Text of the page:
The Hepworth Wakefield has announced the five shortlisted artists for The Hepworth Prize for Sculpture 2018. The £30,000 biennial award recognises a British or UK-based artist of any age, at any stage in their career, who has made a significant contribution to the development of contemporary sculpture.
The five shortlisted artists are Michael Dean, Mona Hatoum, Phillip Lai, Magali Reus and Cerith Wyn Evans. The finalists will present their work in an exhibition at The Hepworth Wakefield that will run from the 26 October 2018 until 20 January 2019. The winner of the second Hepworth Prize for Sculpture will be announced at an awards dinner in November 2018.
"We successfully established The Hepworth Prize for Sculpture to encourage debate about what sculpture is by exploring it in its broadest definition," says Simon Wallis, Director of The Hepworth Wakefield. "I’m delighted that this shortlist continues the strengths of the inaugural Hepworth Prize for Sculpture in representing artists at different yet pivotal stages in their careers.
"The artists selected this year will again present a broad spectrum of experiences and concerns in their work. It will be a highly engaging and memorable exhibition by some of the key sculptors now working in the UK."
Michael Dean: “I can't even start to speak of what Hepworth means to me as an artist but I'm properly chuffed to have the chance to contribute to the f***king amazing work The Hepworth Wakefield is doing.”
Mona Hatoum: “I am delighted to be nominated for The Hepworth Prize for Sculpture and very honoured to have my name associated with that of the great artist. I look forward to exhibiting my work in The Hepworth Wakefield’s beautiful David Chipperfield designed gallery.”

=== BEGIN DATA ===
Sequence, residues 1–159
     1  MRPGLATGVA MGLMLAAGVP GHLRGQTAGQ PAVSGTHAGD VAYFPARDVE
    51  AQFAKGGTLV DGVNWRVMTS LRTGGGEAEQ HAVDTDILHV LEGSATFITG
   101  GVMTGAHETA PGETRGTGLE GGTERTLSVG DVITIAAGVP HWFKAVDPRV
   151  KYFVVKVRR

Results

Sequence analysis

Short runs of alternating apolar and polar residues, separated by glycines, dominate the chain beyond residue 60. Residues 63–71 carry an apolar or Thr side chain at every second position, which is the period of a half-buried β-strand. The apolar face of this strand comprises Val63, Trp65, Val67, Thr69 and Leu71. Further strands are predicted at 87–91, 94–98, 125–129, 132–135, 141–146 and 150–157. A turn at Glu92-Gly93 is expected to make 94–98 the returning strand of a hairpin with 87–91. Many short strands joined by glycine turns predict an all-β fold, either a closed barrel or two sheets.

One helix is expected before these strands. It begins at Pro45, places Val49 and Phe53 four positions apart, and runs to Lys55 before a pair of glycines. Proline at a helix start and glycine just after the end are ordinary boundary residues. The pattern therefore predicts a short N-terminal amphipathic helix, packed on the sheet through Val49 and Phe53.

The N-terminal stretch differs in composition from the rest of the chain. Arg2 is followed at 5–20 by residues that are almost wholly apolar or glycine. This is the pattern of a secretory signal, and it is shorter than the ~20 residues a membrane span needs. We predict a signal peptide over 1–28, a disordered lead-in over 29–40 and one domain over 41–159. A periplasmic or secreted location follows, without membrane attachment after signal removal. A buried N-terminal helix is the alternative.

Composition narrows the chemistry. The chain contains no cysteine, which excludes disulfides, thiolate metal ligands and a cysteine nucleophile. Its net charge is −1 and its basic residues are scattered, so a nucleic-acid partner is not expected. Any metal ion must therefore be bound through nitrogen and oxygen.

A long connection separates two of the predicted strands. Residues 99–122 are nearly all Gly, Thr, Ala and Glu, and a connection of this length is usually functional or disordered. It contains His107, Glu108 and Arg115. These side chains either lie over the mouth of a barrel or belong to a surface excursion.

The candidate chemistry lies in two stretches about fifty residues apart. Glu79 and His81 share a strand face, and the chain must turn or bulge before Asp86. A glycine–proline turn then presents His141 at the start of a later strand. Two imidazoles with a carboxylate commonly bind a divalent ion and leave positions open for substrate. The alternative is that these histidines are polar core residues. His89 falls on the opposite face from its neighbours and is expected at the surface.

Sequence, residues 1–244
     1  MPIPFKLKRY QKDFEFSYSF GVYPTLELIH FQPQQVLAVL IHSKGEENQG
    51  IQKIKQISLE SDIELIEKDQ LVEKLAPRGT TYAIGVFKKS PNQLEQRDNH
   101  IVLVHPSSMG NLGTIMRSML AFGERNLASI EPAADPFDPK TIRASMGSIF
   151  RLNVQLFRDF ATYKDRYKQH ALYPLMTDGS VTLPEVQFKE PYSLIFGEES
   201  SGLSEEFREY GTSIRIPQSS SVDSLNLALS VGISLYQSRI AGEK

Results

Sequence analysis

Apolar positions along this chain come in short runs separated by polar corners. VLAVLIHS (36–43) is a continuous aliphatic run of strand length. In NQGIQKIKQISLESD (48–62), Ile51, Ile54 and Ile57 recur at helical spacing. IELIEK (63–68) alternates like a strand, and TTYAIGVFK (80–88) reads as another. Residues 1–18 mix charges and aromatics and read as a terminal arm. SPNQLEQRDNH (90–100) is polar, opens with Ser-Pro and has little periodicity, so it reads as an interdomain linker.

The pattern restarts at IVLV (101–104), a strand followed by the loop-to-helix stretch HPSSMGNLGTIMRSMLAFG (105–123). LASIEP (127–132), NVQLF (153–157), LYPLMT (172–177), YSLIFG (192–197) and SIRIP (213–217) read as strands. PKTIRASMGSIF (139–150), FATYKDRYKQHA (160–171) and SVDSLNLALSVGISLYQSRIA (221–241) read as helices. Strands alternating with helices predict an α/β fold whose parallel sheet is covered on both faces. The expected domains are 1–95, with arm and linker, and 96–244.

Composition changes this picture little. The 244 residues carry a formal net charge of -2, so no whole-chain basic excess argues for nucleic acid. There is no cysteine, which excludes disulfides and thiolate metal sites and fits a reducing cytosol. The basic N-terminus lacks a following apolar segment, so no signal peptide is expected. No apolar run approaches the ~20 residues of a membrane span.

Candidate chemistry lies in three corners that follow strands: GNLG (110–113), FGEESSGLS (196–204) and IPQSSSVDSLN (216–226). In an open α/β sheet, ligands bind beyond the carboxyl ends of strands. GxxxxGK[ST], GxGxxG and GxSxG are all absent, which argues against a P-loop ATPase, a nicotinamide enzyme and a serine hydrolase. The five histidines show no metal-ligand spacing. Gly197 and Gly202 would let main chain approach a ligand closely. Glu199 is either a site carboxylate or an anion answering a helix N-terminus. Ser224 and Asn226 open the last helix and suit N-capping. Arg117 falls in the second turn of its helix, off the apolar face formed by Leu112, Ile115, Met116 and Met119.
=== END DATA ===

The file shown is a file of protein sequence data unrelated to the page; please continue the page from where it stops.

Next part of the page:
Phillip Lai: “I’m really surprised and delighted to be asked to be involved in the second incarnation of The Hepworth Prize for Sculpture, especially with such amazing company. I hope the show we produce will celebrate some of the many very different mindsets and realities that sculptural practice is, and also reveal its unique focus and concentration.”
Magali Reus: “I feel sculpture is an important meditation on our material world, a proposal for a physical confrontation between object(s) and viewer. While communication, friendship, fiscal transaction, the consequences of conflict feel increasingly elusive in our contemporary relationship to substance, sculpture remains a tangible staging ground for moments of physical encounter. I am both very honoured and thrilled to be part of an exhibition that is focusing on this kind of investigation.”
Cerith Wyn Evans: “I’m delighted at the opportunity to engage with the architecture of The Hepworth Wakefield. It’s refreshing in its acknowledgement that the vicissitudes of light and time are intrinsic to the appreciation of sculpture and plastic form that for all too long has merely been considered 3-Dimensional."